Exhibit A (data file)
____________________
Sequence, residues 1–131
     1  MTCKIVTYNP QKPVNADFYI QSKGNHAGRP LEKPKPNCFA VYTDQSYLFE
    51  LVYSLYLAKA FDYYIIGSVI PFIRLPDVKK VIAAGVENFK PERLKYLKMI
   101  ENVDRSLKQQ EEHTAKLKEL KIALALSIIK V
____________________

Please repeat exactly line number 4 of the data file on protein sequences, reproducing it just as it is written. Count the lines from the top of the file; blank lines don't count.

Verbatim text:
   101  ENVDRSLKQQ EEHTAKLKEL KIALALSIIK V